A young adult novel centered around the legal murder of people. How’s that for an intro? In Neal Shusterman’s future world, humans have conquered death. It is Giver-esque in the way that people don’t feel pain, no one is starving, or thirsty. But that’s because Scythe’s are there to help curb the population. Scythe follows the story of Rowan and Citra, who are chosen to be apprentices to a Scythe. They must learn the art of killing, yet master the why of it as well. Scythe is an emotional rollercoaster that has you questioning right and wrong, fair and unfair, as well as whether we even should try, as a society, to become masters of death. Shusterman leaves you wanting more, and Thunderhead was released in 2018 as the follow up to Scythe. Another on my to-be read list for 2019. Scythe was the first Shusterman novel I had read, and it made me want to check out some of his other works. I read Dry, written with his son Jarrod, but I did not enjoy that nearly as much as Scythe, and I don’t recommend it.
1. The Red Rising Trilogy (2014) by Pierce Brown
There are two more books in this series after the conclusion of the original trilogy, but Morningstar (Book 3) closes out the first arc in Darrow’s story. Book 4, Iron Gold, is on my to-be read list for 2019, but it continues the story some ten years after the conclusion of book 3. One of the most frequently asked questions about reading and writing is what makes a good story? Plot is important of course, but the true draw of a great story is character. If a character is boring, then it doesn’t matter how good the plot is, the story just won’t be interesting. Darrow is one of my favorite characters. Some criticism I’ve read regarding Darrow is that he is too perfect, or he is too good at everything, he’s a wunderkind and that’s boring. But that’s not how I see Darrow. He is extremely flawed, and that is what makes him so compelling. I want to avoid any spoilers or details about the book, because if you like science fiction, I highly recommend reading it, but Darrow’s rises and falls (there are many throughout the book) is what drew me in. He is intelligent, inspirational, and driven. But that’s also his flaw. He is dependent on his friends and allies throughout all three novels, and that idea is central to the very nature of the story. I found myself feeling emotionally invested in Darrow’s fight, and an emotional connection to a story and a character is what makes reading so incredible. I never wanted to leave Darrow’s world and always wanted more. In short: Read this book.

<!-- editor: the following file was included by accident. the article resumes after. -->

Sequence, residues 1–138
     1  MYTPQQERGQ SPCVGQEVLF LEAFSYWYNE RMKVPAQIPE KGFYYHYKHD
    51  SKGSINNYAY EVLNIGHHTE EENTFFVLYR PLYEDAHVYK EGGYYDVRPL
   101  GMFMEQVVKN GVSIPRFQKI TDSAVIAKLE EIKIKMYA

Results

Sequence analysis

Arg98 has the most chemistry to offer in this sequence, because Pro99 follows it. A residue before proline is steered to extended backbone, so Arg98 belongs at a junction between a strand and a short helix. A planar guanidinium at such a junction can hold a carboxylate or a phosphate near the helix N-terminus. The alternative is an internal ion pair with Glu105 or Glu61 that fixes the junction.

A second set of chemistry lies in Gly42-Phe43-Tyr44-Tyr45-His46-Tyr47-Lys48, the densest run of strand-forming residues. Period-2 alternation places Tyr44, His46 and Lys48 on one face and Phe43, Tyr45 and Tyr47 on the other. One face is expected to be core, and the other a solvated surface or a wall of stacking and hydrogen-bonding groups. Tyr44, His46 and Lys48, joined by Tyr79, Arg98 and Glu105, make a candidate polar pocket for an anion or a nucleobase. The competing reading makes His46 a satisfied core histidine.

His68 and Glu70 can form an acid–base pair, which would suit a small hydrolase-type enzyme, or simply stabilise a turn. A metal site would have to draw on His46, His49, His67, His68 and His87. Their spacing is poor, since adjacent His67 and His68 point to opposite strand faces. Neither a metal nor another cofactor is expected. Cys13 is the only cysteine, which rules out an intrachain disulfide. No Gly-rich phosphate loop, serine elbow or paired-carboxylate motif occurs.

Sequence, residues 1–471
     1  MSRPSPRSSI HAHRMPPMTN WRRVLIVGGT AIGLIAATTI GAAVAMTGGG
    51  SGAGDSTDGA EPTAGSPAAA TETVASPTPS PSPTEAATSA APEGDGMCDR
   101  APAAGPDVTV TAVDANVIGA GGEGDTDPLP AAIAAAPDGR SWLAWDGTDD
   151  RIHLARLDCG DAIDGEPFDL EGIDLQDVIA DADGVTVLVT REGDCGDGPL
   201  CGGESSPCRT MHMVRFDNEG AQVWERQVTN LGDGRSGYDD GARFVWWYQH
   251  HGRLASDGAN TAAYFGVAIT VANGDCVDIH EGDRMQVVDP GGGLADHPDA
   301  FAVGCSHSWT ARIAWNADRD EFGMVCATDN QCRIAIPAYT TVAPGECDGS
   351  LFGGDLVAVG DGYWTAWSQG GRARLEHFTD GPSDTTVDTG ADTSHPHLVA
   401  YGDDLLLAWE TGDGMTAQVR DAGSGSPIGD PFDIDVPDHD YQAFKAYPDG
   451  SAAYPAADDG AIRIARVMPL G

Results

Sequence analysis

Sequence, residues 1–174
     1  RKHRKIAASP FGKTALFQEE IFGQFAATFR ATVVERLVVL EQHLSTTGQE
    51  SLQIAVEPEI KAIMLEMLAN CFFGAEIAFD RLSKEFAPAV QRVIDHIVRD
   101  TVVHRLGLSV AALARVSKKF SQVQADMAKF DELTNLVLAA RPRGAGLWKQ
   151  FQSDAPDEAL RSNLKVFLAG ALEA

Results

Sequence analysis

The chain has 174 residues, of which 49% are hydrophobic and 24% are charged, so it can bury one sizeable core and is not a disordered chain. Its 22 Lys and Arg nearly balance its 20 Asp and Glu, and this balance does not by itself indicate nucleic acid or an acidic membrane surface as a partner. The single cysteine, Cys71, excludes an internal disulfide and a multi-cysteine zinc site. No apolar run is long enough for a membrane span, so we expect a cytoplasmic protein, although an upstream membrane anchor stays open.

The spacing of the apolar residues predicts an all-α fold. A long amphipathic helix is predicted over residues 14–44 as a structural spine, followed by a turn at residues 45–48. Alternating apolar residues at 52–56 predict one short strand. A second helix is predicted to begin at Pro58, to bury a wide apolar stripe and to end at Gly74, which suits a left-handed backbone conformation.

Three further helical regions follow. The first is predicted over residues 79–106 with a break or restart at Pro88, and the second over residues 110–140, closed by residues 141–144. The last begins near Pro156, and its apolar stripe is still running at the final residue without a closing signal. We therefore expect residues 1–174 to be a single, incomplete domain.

Last year was my best year of reading. I’m looking to top it in 2019 by reading 52 books. Any recommendations of good books is much appreciated! I finished my first book of the year yesterday so off to a good start. Some of the books I’m looking forward to reading in 2019 include:
Iron Gold and Dark Age by Pierce Brown, How Long ’til Black Future Month by N.K. Jemisin, Fire & Blood by George RR Martin, Forever and a Day by Anthony Horowitz, Art Matters by Neil Gaiman, Children of Vengeance and Virtue by Tomi Adeyemi, The Hate U Give and On the Come Up by Angie Thomas, The Tattooist of Auschwitz by Heather Morris, Bridge of Clay by Markus Zusak, Year One by Nora Roberts, Thunderhead by Neal Shusterman